There have also been examples of states singling out trucks to pay for major reconstruction of highways. A case in point is the long struggle for a P3 concession in Virginia in the early 2000s that would have rebuilt the full 325 miles of I-81 in that state, adding dedicated truck lanes—but with only trucks paying the tolls. Two Virginia state senators recently proposed reviving that idea (which will go nowhere).
A far better approach is something I’ve called “truck-friendly tolling.” The basic premise is that the trucking industry depends critically on the Interstate highway system, which has massive needs for reconstruction and for widening dozens of truck-intensive corridors. The American Trucking Associations’ incessant calls for a major increase in the federal diesel tax to address this need continue to fail. But to convince the industry that the best (or least-bad) way forward is toll financing and public-private partnership (P3) delivery requires a much-improved version of tolling.
The most important provision is that the new tolls would be dedicated—by law—solely to the capital and operating costs of the rebuilt and modernized Interstates. This should be included in the federal statute that removes the long-standing federal ban on Interstate tolls, as well as in state enabling legislation to permit a state to make use of this new freedom. Since all vehicles using the rebuilt Interstates would benefit, all would pay the new tolls, not just trucks.
The value for trucking could be improved by adding several other provisions. My suggested list includes the following:
- No “double taxation” as occurs today on tolled highways, where customers pay both fuel taxes and tolls; instead, the electronic tolling system would calculate the amount of fuel consumed on the tolled facility to calculate a rebate of the fuel taxes incurred for those miles.
- Dedicated truck-only lanes in corridors identified in FHWA Freight Analysis Framework projections as being truck-intensive. On these barrier-separated lanes, trucking companies could operate more-productive longer combination vehicles (LCVs), which are currently banned in most states on safety grounds.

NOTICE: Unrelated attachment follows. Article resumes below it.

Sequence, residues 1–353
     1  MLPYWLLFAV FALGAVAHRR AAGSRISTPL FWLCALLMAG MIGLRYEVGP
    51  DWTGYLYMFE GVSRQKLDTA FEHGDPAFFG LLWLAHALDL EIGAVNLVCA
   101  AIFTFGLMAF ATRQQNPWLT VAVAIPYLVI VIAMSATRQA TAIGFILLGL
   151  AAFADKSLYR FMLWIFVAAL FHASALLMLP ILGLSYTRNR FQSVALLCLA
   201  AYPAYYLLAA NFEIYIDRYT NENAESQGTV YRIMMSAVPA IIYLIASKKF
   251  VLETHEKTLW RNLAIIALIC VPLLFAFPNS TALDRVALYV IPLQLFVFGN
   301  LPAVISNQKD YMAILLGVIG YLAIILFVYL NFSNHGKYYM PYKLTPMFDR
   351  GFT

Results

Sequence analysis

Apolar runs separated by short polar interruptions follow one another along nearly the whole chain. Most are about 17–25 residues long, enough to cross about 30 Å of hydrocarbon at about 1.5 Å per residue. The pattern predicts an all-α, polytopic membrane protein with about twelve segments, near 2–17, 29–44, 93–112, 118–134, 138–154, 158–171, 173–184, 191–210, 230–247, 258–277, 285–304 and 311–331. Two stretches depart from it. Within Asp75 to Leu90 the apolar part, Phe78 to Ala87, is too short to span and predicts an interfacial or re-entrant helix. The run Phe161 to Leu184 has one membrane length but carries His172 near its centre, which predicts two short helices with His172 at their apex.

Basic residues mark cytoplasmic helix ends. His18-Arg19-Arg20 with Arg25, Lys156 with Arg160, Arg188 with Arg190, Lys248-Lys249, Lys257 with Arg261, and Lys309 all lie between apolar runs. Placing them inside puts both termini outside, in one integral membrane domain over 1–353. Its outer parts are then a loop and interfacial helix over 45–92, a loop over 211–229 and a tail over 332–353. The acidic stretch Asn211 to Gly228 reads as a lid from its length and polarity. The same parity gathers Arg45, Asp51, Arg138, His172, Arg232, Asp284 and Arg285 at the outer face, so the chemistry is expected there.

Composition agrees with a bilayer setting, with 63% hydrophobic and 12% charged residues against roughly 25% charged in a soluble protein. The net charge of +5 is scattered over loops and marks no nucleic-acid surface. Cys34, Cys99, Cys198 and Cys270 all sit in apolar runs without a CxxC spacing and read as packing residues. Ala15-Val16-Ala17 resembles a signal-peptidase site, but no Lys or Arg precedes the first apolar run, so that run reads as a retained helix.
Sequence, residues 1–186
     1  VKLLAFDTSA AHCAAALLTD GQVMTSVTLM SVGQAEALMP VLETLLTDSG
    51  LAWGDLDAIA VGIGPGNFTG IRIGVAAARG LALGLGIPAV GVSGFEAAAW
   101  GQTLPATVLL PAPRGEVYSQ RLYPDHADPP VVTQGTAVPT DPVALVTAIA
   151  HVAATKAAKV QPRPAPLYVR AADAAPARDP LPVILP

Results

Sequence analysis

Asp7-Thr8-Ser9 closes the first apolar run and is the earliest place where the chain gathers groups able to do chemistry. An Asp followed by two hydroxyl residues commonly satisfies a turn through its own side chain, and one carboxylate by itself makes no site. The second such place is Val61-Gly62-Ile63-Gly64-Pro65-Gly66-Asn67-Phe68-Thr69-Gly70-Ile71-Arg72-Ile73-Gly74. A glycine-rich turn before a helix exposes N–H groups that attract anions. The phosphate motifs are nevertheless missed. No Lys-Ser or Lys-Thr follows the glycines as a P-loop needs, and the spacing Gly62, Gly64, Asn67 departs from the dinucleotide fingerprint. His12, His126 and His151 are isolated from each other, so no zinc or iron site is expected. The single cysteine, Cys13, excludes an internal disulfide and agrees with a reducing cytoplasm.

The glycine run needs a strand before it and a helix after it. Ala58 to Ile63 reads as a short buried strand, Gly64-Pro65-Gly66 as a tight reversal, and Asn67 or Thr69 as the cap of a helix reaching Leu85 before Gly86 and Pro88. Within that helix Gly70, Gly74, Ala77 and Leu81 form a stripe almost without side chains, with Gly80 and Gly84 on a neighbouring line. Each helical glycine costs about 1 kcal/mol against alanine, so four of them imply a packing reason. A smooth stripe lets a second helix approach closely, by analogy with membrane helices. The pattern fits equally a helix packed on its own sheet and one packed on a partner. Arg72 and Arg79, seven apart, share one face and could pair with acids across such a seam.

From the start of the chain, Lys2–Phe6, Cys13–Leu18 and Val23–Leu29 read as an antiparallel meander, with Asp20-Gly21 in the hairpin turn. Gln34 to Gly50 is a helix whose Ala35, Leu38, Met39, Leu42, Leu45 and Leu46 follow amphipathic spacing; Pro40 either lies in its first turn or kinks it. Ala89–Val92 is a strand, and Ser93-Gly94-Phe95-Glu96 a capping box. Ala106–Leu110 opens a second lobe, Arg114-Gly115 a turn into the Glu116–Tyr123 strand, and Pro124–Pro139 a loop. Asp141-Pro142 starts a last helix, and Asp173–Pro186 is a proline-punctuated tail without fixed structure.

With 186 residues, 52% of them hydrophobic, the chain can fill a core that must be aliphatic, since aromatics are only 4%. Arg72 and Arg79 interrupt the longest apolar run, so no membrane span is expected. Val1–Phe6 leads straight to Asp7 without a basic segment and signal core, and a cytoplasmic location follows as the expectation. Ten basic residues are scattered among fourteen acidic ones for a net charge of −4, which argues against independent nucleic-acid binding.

- Safe overnight parking areas—a major unmet need for today’s trucking industry.
- Convenient refueling/recharging services for the coming generation of non-diesel trucks.
Ironically, the last two of these points conflict with the position of NATSO, the National Association of Truck Stop Operators, which lobbies fiercely to retain the current federal ban on “commercial” rest areas on Interstate highways. That prevents truck stops from locating on Interstates, where they are most needed, so as to protect current truck stop and fuel/food/beverage operators that are located near Interstate on-ramps and off-ramps.
Instead of engaging in a long, drawn-out battle with the trucking industry over tolling, the truck-friendly tolling approach calls for creating a genuine value proposition for the industry, providing them with a 21st-century version of the aging Interstate system on which so much of their business depends. It’s a uniquely American approach because our trucking industry is so different from that of Europe.
This column first appeared in Public Works Financing.